2019 Retirees: Dorothy Hawes

Every year, we are honoured to recognize members of the SMUS community as they retire and take on new adventures. Read the 2019 Retirees series to learn more about their outstanding contributions to the school. In this story, we recognize Dorothy Hawes, former Senior School teacher.

Dorothy Hawes

The instant Dorothy Hawes obtained her teachers’ certificate, she applied to St. Michaels University School.

“It was my dream school…it’s any teacher’s dream destination job,” she says.

Dorothy earned a double degree in English and German from the University of Victoria, a Masters in Germanic Studies from Queens University (on scholarship) and a pedagogy certificate (AVCM) for piano from the Victoria Conservatory of Music. She returned to the University of Victoria to earn her teachers’ certificate because she was “ready for another challenge.” Dorothy had been teaching piano from her home, but it proved too isolating for this “very social person.”

The first time SMUS called, however, Dorothy had to pass. The timing coincided with the birth of her first child. “I couldn’t believe I had to say no to SMUS!” she says with a laugh. Fortunately for her and the school, they called back a few months later. Within the year, Dorothy had joined the SMUS community, teaching German part-time. Driven, positive and passionate, she immersed herself in “the culture of independent school life.”

After the first year, Dorothy joined the English Department. Over her 27-year relationship and career with SMUS, both as a teacher and as a parent, she embraced every opportunity to “hone her craft, well-supported by the school with students who are motivated and want to learn.” Engaged in the evolution of the school, Dorothy was instrumental in the growth of the Service Council and the cultivation of a culture of volunteering in the local and global community with service days, projects and trips. “The big trips used to be for sports, but now it’s the service trips, to Africa to build a well, or Puerto Rico to build a school, for example.”

She regularly contributed to chapel with her music and also rekindled interest and participation in the Recitation Evenings. For many years, Dorothy worked with students to produce the grad fashion show fundraiser which was also supported by the Fine Arts department; this well-attended event often featured original student designs, photography, music and dance. Dorothy was also initiated and supported Teens Growing in Faith (TGIF). Her commitment to SMUS is only surpassed by a distinct zeal and energy. She shares, “talking about all this just gets me going!”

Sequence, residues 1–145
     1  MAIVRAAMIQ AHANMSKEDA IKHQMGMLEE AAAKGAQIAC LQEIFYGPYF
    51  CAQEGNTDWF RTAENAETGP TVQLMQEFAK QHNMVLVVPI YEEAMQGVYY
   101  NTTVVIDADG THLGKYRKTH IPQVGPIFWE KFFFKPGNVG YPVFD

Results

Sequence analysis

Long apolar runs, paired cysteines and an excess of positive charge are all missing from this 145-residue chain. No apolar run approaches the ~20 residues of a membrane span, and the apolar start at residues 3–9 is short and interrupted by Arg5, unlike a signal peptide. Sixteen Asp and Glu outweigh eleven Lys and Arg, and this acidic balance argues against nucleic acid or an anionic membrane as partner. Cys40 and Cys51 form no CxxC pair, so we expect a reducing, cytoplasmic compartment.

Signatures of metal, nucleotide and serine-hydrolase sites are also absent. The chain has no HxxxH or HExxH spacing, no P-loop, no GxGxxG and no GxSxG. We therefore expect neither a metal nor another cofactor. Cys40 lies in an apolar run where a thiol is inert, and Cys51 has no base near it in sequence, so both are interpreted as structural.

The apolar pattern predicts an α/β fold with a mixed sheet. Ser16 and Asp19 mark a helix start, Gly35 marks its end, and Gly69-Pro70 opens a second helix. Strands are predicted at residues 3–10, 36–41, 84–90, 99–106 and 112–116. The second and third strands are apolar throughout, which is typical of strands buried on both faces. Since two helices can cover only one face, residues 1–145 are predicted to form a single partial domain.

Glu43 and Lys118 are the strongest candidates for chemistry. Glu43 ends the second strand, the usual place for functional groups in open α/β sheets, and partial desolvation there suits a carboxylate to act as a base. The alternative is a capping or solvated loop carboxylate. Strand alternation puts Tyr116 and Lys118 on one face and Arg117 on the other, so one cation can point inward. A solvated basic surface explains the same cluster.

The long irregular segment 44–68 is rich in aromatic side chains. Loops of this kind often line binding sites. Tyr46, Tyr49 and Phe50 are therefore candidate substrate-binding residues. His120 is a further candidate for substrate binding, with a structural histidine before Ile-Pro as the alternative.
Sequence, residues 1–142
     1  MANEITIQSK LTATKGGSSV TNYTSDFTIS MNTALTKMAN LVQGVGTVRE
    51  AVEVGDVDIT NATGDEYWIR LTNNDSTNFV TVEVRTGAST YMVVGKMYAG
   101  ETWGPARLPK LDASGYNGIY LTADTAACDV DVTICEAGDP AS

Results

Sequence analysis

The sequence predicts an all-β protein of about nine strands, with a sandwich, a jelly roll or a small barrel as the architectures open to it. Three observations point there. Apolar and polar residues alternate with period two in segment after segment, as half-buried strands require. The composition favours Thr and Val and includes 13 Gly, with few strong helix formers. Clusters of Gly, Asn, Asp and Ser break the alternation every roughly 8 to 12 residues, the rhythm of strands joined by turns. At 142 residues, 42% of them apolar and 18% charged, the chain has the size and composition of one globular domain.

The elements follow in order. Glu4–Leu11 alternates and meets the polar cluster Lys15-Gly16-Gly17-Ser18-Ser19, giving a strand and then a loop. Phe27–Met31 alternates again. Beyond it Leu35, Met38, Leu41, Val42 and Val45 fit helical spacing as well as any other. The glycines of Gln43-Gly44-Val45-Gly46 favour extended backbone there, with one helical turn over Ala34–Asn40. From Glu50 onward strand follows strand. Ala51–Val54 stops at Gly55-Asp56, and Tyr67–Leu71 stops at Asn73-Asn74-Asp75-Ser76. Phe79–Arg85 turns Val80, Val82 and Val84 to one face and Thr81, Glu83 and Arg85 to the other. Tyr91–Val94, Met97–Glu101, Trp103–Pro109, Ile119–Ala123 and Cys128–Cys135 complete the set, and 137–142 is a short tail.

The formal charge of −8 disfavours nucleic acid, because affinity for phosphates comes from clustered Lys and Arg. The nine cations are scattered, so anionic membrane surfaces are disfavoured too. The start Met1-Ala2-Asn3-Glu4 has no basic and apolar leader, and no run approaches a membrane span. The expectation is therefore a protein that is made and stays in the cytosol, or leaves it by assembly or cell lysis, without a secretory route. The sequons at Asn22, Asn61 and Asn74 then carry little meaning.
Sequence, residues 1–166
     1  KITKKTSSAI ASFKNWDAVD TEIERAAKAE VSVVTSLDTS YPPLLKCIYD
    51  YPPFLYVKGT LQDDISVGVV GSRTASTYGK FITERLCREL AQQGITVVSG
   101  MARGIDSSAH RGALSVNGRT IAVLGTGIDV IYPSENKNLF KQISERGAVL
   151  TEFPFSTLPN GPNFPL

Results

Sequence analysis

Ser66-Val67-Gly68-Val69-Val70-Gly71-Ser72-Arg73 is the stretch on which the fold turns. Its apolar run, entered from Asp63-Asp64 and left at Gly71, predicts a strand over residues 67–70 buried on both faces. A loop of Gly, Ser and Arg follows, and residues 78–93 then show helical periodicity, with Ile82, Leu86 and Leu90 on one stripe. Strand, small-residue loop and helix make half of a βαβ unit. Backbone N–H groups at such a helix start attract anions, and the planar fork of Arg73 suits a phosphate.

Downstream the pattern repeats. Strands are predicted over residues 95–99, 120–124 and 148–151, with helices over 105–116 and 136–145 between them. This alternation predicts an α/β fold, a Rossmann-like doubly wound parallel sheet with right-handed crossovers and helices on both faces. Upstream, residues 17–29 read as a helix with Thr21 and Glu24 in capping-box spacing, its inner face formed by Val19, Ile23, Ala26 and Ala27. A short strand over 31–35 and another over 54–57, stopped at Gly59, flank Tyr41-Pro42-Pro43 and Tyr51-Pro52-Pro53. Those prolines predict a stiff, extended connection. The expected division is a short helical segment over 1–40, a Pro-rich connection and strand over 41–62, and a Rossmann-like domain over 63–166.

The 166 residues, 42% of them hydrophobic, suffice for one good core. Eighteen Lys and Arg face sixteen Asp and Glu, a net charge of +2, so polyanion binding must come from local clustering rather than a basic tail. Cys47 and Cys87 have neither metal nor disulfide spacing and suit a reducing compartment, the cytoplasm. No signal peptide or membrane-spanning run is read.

During her career at SMUS, one critical development was the recognition that not only do people learn differently, but that some individuals require solid additional support to realize their success. “Every student is different and unique and learns in a different way – that’s been part of my mantra since the beginning.” In her class, students could communicate their understanding of Hamlet by building an Elizabethan set, creating Ophelia’s diary or writing a character’s journal.

From student-led project-based learning to a thriving Learning Resource Centre, Dorothy believes that SMUS effectively supports individual needs and passions. “It’s not just about what a student is good at,” she says, “it’s also about what they really love.”

Over her years with SMUS, Dorothy shares that she learned so many things and was really well-supported by colleagues and mentors such as Colin Skinner, Terence Young and Robert Common, to name a few. Twice recipient of the professional development award, she cherishes the curiosity and desire to learn and engage that SMUS students, faculty and administrative staff all embraced. “It was also a really safe environment for kids to thrive in,” she reflects.

Moving forward, Dorothy’s sights are set on writing, revisiting manuscripts and dedicating more time to her work with the BC Children’s Hospital Foundation and other organizations. When she reflects on her time at SMUS, as well as her children’s, colleagues’ and students’, she shares, “I was blessed. Truly blessed with my time.”


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